U.S. Supreme Court Asked to Review Connecticut Nexus Ruling
The U.S. Supreme Court has been asked to review a Connecticut Supreme Court decision handed down in March 2012, which held that an out-of-state mail order company selling books to teachers and students was liable for sales and use tax. The Connecticut Court found that the teachers acted as the corporation’s representatives for purposes of establishing nexus.
Specifically, Scholastic Book Clubs, Inc. v. Commissioner of Revenue Services, Conn. S. Ct., Dkt. No. SC 18425, 03/27/2012, 304 Conn 204, 38 A3d 1183 (2012), petition for cert. filed, U.S. S.Ct., 06/26/2012, held that the teachers were in-state representatives of Scholastic due to the fact that they served as the sole conduit through which the corporation advertises, markets, sells, and delivers its products to Connecticut schoolchildren. Participating teachers (note that teachers were NOT required to participate), distributed the corporation’s catalogs, flyers, order forms, and other materials in class. Scholastic is able to sell its products in Connecticut only through the teachers who participate in its program, and otherwise had no further contact or presence within the State.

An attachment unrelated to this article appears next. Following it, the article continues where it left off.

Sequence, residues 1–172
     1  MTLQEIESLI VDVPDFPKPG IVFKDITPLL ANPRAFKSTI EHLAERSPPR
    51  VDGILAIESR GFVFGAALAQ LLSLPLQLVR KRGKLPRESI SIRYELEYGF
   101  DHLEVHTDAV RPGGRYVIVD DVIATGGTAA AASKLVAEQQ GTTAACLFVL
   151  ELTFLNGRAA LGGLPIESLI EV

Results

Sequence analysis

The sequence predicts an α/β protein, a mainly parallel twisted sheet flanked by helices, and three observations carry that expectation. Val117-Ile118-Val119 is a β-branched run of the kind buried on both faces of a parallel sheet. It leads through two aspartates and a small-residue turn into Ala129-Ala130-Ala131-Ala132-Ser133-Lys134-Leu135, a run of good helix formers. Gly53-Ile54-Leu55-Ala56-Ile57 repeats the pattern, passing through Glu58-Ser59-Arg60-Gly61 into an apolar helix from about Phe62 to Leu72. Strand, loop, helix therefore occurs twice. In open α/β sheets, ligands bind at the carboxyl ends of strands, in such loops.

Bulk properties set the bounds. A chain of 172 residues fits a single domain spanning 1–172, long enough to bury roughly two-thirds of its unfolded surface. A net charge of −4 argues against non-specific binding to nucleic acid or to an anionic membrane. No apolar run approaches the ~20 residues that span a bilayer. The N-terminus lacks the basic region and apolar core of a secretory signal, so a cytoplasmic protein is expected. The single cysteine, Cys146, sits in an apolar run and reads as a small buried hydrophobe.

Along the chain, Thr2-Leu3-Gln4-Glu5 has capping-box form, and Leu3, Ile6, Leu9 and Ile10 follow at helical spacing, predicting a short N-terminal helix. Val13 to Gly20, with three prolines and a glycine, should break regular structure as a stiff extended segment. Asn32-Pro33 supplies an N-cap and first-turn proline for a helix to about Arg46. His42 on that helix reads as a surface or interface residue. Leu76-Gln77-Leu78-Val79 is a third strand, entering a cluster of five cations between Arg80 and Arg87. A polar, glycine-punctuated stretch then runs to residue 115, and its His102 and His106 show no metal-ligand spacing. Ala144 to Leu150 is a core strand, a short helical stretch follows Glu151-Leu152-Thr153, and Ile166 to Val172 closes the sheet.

The case stands for the principle that a company may well trigger sales tax nexus in a state due to the presence of an "agent" acting on its behalf, even in the situation where the agent is not even paid by the vendor and is rendering solely an indirect benefit to the company. For example, a computer software vendor may contract with independent contractors who are paid by their customers to perform patches and fixes on installed software in a remote jurisdiction; or an advertising agency may contract with a firm who is paid by the advertiser to conduct focus groups in various states and to furnish data to the agency. Such contacts may or may not trigger sales tax nexus. Companies should be sensitized to the general climate in the states where the slightest physical presence, even that of an indirect agent, can trigger nexus and cause a sales tax collection obligation.
At the time of the decision, Connecticut Department of Revenue Services Commissioner Kevin Sullivan stated that “the decision is also a masterful review of the state of constitutional law under the federal Commerce Clause and the practical circumstances in this case establish sufficient contacts or nexus within Connecticut to uphold taxability.” The Supreme Court may soon have a chance to disagree/agree.